agreement by which a joint squadron was to undertake to police efficiently the African seas in order to prevent American vessels from engaging in that trade.
Upon the more important matter of boundary, both Webster and Ashburton decided to give up the futile task of convincing each other as to the meaning of phrases which rested upon half-known facts reaching back into the misty period of first discovery and settlement. They abandoned interpretation and made compromise and division the basis of their settlement. This method was more difficult for Webster than for Ashburton, as both Maine and Massachusetts were concerned, and each must under the Constitution be separately convinced. Here Webster used the "Red Line" map, and succeeded in securing the consent of these States. They finally settled upon a boundary which was certainly not that intended in 1782 but was a compromise between the two conceptions of that boundary and divided the territory with a regard for actual conditions and geography. From Passamaquoddy Bay to the Lake of the Woods, accepted lines were substituted for controversy, and the basis of peace was thus made more secure. The treaty also contained provision for the mutual extradition of criminals guilty of specified crimes, but these did not include embezzlement, and "gone to Canada" was for years the epitaph of many a dishonest American who had been found out.
The friendly spirit in which Webster and Ashburton had carried on their negotiations inaugurated a period of reasonable amity between their two nations. The United States annexed Texas without serious protest; in spite of the clamor for "fifty-four forty or fight," Oregon was divided peacefully; and England did not take advantage of the war with Mexico. Each of these events, however, added to American territory, and these additions gave prominence to a new and vexing problem. The United States was now planted solidly upon the Pacific, and its borders were practically those to which Adams had looked forward. Natural and unified as this area looks upon the map and actually is today, in 1850 the extent of territorial expansion had overreached the means of transportation. The Great Plains, then regarded as the Great American Desert, and the Rockies presented impossible barriers to all but adventurous individuals. These men, uniting in bands for self-protection and taking their lives in their hands, were able with good luck to take themselves but little else across this central region and the western barrier. All ordinary communication, all mail and all freight, must go by sea. The United States was actually divided into two very unequal parts, and California and Oregon were geographically far distant colonies.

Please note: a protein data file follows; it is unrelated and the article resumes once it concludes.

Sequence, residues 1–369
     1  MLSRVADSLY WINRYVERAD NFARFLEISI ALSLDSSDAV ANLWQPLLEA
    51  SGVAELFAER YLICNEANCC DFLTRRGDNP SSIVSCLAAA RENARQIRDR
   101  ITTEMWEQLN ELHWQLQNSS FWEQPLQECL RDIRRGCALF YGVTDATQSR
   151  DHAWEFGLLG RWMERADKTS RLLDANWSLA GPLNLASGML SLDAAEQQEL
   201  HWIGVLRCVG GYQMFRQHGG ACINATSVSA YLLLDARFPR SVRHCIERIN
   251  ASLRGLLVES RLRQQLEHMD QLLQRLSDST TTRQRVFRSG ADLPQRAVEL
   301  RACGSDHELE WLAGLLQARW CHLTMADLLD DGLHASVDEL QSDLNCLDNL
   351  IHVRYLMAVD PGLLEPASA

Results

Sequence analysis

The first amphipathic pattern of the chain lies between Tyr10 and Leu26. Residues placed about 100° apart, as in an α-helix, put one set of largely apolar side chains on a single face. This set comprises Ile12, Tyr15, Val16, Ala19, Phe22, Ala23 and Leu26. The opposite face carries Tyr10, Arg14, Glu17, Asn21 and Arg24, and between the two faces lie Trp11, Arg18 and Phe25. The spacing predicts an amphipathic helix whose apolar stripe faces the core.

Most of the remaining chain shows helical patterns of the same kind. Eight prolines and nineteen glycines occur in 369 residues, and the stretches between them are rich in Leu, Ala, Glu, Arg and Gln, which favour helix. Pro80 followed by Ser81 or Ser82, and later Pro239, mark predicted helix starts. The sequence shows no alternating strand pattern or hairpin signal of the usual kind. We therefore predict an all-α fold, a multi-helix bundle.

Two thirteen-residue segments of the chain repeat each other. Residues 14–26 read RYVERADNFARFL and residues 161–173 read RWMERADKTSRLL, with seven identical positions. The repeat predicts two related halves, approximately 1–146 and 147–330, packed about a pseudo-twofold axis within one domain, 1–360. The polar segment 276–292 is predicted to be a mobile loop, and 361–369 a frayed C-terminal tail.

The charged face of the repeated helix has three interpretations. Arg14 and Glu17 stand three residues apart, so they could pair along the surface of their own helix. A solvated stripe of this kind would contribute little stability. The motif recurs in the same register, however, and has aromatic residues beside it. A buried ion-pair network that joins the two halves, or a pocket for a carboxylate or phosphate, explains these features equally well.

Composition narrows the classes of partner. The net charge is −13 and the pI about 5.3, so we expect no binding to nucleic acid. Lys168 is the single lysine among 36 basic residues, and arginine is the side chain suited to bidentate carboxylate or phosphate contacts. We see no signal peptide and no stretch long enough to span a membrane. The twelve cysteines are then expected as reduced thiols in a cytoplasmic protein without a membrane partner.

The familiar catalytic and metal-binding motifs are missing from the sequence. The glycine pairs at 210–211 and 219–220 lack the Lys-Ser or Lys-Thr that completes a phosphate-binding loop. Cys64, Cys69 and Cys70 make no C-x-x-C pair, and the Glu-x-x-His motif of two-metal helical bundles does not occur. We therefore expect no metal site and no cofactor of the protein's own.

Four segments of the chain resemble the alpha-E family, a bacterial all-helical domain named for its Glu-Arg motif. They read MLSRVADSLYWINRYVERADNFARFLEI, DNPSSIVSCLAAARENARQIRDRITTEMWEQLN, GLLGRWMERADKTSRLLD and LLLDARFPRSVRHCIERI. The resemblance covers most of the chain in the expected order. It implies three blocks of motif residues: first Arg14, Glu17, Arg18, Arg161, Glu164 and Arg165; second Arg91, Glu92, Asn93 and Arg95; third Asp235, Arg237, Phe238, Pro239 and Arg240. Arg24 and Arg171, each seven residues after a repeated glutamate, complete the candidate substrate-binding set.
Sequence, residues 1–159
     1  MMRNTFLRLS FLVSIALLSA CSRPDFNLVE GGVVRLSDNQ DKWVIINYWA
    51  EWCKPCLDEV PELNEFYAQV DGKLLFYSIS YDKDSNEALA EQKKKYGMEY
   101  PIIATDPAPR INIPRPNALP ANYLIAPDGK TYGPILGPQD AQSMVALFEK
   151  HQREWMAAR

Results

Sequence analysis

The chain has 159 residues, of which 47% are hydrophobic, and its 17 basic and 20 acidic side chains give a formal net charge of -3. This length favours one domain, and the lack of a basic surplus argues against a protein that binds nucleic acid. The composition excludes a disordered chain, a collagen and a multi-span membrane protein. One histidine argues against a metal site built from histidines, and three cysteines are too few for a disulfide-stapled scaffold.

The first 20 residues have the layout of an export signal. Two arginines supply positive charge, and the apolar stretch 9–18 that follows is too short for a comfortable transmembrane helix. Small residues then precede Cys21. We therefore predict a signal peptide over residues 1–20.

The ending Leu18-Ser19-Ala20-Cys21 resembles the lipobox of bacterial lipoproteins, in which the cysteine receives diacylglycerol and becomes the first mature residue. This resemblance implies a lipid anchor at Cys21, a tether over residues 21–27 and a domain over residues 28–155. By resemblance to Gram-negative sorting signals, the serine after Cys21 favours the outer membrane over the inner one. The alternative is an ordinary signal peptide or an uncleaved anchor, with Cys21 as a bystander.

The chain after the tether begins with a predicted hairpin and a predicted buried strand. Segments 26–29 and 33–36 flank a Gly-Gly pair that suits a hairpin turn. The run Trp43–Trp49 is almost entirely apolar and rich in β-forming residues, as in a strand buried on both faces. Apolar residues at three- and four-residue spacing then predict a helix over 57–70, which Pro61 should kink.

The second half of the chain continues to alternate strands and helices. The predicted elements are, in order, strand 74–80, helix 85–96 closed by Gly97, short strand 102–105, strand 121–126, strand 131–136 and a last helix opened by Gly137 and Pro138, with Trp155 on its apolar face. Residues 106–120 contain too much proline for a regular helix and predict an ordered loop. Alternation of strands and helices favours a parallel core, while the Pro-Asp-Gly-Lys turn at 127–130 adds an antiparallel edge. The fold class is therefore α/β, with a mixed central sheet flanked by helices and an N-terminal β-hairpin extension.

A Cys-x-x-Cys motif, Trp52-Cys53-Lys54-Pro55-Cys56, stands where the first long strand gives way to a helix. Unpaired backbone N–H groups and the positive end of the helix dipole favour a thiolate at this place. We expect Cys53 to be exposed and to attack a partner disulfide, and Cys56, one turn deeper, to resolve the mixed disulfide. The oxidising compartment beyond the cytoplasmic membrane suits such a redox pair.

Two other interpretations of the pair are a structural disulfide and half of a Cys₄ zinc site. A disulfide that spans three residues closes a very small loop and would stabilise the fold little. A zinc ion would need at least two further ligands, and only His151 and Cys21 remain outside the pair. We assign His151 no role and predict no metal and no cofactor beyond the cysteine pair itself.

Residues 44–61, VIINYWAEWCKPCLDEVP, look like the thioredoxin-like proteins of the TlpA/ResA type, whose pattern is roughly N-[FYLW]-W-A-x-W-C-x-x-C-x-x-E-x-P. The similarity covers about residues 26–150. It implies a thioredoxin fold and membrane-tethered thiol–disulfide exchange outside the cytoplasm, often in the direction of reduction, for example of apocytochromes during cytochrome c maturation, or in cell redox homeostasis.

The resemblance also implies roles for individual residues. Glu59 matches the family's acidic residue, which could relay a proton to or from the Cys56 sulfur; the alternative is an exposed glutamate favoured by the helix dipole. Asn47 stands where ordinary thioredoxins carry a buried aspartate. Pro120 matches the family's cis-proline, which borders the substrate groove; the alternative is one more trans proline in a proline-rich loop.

The ocean highroad belonged to the United States in common with all nations, but it took American ships to the opposite ends of the earth. No regular shuttle of traffic sufficient to weave the nation together could be expected to pass Cape Horn at every throw. The natural route lay obviously through the Caribbean, across some one of the isthmuses, and up the Pacific coast. Here however, the United States would have to use territory belonging to other nations, and to obtain the right of transit and security agreement was necessary. All these isthmus routes, moreover, needed improvement. Capital must be induced to do the work, and one necessary inducement was a guarantee of stable conditions of investment.